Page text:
Wednesday, May 4, 2016

Being Thankful Key to Happiness

Robert Emmons, writing at Big Questions, discerns the key to Happiness in the Queen of the Virtues - Gratitude.
In modern times gratitude has become untethered from its moral moorings and collectively, we are worse off because of this. When the Roman philosopher Cicero stated that gratitude was the queen of the virtues, he most assuredly did not mean that gratitude was merely a stepping-stone toward personal happiness. Gratitude is a morally complex disposition, and reducing this virtue to a technique or strategy to improve one’s mood is to do it an injustice.

Even restricting gratitude to an inner feeling is insufficient. In the history of ideas, gratitude is considered an action (returning a favor) that is not only virtuous in and of itself, but valuable to society. To reciprocate is the right thing to do. “There is no duty more indispensable that that of returning a kindness” wrote Cicero in a book whose title translates “On Duties.”

Cicero’s contemporary, Seneca, maintained that “He who receives a benefit with gratitude repays the first installment on his debt.” Neither believed that the emotion felt in a person returning a favor was particularly crucial. Conversely, across time, ingratitude has been treated as a serious vice, a greater vice than gratitude is a virtue. Ingratitude is the “essence of vileness,” wrote the great German philosopher Immanuel Kant while David Hume opined that ingratitude is “the most horrible and unnatural crime that a person is capable of committing.”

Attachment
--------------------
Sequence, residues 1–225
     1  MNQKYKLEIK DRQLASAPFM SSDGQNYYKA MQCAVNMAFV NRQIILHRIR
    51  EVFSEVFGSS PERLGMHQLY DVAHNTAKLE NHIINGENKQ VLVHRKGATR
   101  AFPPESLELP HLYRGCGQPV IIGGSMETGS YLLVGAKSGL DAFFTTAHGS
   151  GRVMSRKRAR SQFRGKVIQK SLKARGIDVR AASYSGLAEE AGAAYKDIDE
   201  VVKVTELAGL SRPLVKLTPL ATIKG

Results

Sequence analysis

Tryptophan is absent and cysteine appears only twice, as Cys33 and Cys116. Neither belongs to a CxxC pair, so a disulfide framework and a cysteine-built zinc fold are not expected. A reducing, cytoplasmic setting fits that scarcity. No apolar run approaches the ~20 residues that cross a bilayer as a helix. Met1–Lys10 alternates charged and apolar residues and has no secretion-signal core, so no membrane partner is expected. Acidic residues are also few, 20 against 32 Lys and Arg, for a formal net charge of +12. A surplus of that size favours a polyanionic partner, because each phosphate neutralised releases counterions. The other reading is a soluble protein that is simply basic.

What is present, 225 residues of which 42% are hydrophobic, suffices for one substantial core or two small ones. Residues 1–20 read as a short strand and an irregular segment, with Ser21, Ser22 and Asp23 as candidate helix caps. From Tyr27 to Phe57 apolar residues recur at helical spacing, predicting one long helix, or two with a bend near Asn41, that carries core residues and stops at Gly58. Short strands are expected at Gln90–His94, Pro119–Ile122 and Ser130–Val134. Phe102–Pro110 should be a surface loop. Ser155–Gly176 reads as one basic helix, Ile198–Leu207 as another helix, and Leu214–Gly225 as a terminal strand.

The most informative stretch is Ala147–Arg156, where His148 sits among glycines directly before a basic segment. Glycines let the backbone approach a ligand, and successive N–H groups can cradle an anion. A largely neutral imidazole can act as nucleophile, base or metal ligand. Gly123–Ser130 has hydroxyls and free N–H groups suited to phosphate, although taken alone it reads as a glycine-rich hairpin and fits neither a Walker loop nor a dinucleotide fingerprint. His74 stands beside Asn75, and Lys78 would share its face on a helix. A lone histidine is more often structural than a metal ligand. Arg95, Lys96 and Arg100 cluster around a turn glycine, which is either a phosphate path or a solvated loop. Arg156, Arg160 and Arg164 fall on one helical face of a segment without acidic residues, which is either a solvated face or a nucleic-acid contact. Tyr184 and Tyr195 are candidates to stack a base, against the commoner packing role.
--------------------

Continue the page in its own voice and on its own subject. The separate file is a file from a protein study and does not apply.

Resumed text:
Emmons goes on to discuss the myriad benefits of a spirit of gratitude for both the individual and society:
To give a flavor of these research findings, dispositional gratitude has been found to be positively associated with qualities such as empathy, forgiveness, and the willingness to help others. For example, people who rated themselves as having a grateful disposition perceived themselves as having more prosocial characteristics, expressed by their empathetic behavior, and emotional support for friends within the last month.

When people report feeling grateful, thankful, and appreciative in studies of daily experience, they also feel more loving, forgiving, joyful, and enthusiastic. Notably, the family, friends, partners and others that surround them consistently report that people who practice gratitude are viewed as more helpful, more outgoing, more optimistic, and more trustworthy.
One of the most important passages in the essay, at least in my opinion, was when Emmons says this:
A spirit of ingratitude corrodes human relationships and becomes epidemic within a culture when entitlements and rights are prioritized over duties and obligations, laments Senior Fellow Roger Scruton of the American Enterprise Institute. Is it any wonder then, that the biggest fear that parents now have for their children is a sense of entitlement and the resentment produced when life fails to deliver what their children think they are entitled to?
When people come to see themselves as entitled their sense of gratitude withers. That's one of the corrosive effects of the modern welfare state - people feel they're owed something from others and consequently their sense of thankfulness is often attenuated. Moreover, when people are granted help from a nebulous, impersonal government it's much more difficult to be thankful for it than when it comes from concrete individual persons.

At any rate, I urge those readers who are searching for happiness in their lives to do a little introspection and ask themselves how grateful they are for what others do, and have done, for them. I also urge readers to read the rest of Emmons' article. There's a lot of wisdom in it.